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April 12, 2023

Lawyering: You Don’t Get to Have a Bad Day.


Job and His Friends, Vladimir Borovikovsky, 1810

There are bad days. A parent is sick. A child gets stitches. You are coming down with the flu. You learn your girlfriend is cheating on you. In fact, both of your girlfriends are cheating on you. But at least not with each other.

Rule 10: Be Accurate, Thorough and Timely--But Not Perfect. Practicing law is getting it right, saying it right and winning--all with a gun to your head. Being accurate, thorough and timely are qualities most of us had in the 6th grade, right? Back when everyone told us we were geniuses and destined for great things? But school's out--now it's about real rights, real duties, real money and personal freedom. That's a weight, and it should be. Suddenly facts are everything--and the actual law less important than you ever imagined. In time you learn to research, think and put things together better and faster. You develop instincts.

You learn there is really no boilerplate and no cookie-cutter work. There are few forms. You learn there are no right answers--but several approaches and solutions to any problem. You are being asked to pick one. But at first, and maybe for a few years, being accurate, thorough and on time is not easy to do.

‘I Have Clients?’ One day, you start to visualize your clients as real companies and real people with real problems. These are your clients--not your parents or professors--and they are all different. You feel their pain, and it's now yours, too.

Mistakes. If you work with the right mentors and senior people, they will allow you to make mistakes. You need freedom to make mistakes. You'll be reminded, however, not to let those mistakes out of the office and hurt any client. It's a balancing act, a hard one.

Bad days? So sorry. But your problem, Justin. You are expected to be ‘professional’--no, that is not about being polite and courtly with other lawyers--and put clients first on your worst day. And it's going to happen. Expect it. You have a difficult day ahead of you. A critical court hearing or motion. A jurisdictional deadline to file something. A meeting. A pitch to a new would-be client. But a parent is sick. You are coming down with something yourself. Your boyfriend is cheating on you. Your teenage kids hate you. Or maybe this morning you had to abandon that 12-year-old Honda you had in law school on the 14th Street Bridge. Minutes before your big afternoon meeting or court appearance, a GC or co-worker calls you with the worst possible news.

These things will happen. You sag visibly--like an animal taking a bullet. You're beaten, beaten completely--and now you have to get up and fight or act for someone other than yourself. In five minutes, you have to be at your very best. You up for this? Because, in our experience, very few of your peers are.

Bucking up. Using fear. While you can't work in a state of constant worry, fear and paralysis, talking yourself into heroics, getting a little paranoid and even embracing a little fear won't hurt you, and may even help. You are being paid both (1) to be accurate, thorough, timely and (2) to just plain not screw up.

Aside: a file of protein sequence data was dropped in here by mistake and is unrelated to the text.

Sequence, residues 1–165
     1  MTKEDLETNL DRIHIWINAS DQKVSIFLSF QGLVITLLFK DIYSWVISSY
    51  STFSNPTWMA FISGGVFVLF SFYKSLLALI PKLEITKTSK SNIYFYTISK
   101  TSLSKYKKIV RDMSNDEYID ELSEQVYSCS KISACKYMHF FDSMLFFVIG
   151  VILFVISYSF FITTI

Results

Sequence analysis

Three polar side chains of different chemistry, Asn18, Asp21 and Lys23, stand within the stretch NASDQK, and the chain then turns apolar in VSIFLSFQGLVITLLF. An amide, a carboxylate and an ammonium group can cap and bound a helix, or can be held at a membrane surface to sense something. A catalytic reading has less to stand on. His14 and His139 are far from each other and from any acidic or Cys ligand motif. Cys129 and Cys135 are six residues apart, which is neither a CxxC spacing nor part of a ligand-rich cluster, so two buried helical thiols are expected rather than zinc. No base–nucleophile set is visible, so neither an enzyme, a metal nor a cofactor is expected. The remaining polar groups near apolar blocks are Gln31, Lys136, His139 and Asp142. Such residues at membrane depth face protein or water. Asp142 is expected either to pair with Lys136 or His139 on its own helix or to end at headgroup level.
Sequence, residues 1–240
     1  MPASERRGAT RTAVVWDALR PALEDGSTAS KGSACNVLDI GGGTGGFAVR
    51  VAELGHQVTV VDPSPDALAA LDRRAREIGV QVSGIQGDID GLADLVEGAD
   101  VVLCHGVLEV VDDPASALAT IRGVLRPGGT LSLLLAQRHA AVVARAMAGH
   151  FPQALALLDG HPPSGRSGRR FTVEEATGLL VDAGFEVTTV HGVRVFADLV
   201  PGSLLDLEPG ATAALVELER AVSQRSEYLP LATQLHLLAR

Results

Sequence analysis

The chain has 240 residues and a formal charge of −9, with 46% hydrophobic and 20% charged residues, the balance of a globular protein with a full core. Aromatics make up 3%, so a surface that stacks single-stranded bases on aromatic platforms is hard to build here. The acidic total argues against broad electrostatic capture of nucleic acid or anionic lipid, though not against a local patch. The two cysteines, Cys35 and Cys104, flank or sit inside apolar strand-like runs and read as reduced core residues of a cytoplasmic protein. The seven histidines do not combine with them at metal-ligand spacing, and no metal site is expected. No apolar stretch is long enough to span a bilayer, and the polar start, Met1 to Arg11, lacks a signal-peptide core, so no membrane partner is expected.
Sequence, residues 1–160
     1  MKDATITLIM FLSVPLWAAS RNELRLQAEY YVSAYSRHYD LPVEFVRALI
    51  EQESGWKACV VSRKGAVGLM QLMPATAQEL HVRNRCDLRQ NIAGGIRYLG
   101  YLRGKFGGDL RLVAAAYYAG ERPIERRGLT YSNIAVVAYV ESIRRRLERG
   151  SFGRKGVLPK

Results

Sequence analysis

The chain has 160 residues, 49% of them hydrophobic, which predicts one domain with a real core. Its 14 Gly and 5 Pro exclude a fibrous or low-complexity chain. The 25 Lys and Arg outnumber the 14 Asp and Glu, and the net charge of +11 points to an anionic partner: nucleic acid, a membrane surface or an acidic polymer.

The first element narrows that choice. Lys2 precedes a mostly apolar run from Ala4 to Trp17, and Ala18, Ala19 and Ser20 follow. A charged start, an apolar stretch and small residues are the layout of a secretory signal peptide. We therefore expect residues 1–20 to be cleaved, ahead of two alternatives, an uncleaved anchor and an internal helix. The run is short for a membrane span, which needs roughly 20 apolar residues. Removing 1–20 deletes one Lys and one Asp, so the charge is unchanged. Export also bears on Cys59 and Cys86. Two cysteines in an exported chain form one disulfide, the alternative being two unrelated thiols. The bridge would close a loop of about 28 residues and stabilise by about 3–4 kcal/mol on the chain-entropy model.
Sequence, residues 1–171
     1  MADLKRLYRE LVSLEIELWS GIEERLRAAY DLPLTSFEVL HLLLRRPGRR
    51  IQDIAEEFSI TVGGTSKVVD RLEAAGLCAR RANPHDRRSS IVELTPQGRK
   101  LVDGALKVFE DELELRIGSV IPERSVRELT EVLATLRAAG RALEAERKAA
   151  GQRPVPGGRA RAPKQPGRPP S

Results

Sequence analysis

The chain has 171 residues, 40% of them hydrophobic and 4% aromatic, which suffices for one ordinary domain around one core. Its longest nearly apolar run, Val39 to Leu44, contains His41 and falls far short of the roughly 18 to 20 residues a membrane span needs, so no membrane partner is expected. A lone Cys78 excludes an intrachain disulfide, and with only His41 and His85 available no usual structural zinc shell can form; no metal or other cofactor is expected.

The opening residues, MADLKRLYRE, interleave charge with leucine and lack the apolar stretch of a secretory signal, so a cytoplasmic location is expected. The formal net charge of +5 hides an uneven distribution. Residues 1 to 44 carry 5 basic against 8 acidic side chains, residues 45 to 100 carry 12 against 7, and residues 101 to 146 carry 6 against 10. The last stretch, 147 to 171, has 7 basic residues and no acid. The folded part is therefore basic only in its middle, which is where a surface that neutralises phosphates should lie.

Thorough means ‘anticipating,’ too. What makes you really good in a few years is being able to "see the future" and spot a ripple effect in a flash. To take a small example, if your client is in an active dispute with the government or on the brink of a full-blown litigation with a competitor, the client's and many of your own letters and e-mails aren't just letters and e-mails. Whoa, letters. Emails. They are potential exhibits, too. They can be used for you or against you. So they need to be written advisedly and clearly so that they advance your position and so that a judge, jury or someone 5 years from now can look at it cold and figure out what's going on. No talking to yourself here; think about future unintended consequences when you think and write.

But Not Perfect. Not talking about mistakes here. I refer to the paralysis of high standards. I know something about the second part of Rule 10--because I tended to violate it when I was younger. And I still want to.
Perfectionism is the great destroyer of young lawyers. Don't go there. Don't be so stiff and scared you can't even turn anything in because you want it "perfect” and you keep asking other lawyers and courts for extensions. It's not school, and it's no longer about you. Think instead about Rule 8: Think Like The Client--and Help Control Costs. Balance efficiency with "being perfect", and err on the side of holding down costs. If a client or senior lawyer in your firm wants your work to be perfect, and for you to charge for it, believe me, they will let you know.


"Patient Job" by Gerard Seghers (1591–1651), National Gallery, Prague.

Original WAC/P? post: April 3, 2011

Posted by JD Hull at April 12, 2023 10:59 PM


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